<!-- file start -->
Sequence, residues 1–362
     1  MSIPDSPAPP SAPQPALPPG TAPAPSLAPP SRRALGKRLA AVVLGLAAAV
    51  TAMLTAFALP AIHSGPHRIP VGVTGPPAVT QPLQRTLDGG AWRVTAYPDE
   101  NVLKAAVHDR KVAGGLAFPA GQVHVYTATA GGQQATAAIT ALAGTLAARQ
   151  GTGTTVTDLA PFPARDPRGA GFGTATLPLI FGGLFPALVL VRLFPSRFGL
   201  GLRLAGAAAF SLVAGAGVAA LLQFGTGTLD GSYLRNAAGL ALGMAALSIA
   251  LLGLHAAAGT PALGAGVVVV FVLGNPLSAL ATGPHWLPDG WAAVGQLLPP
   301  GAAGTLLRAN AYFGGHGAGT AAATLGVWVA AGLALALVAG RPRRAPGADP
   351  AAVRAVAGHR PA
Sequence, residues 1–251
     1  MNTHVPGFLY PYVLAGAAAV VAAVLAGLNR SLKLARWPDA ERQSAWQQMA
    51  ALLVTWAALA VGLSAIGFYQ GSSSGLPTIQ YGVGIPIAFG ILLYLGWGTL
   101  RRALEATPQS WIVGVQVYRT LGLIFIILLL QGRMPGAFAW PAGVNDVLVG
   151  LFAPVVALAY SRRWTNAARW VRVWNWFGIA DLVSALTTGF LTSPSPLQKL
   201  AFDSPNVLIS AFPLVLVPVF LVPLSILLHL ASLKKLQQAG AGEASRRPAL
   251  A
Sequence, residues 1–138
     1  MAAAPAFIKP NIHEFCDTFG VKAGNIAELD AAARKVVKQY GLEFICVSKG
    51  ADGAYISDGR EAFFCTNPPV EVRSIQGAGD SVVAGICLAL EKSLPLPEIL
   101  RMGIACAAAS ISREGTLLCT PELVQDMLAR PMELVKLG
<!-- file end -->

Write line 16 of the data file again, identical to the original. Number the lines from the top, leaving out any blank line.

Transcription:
   251  A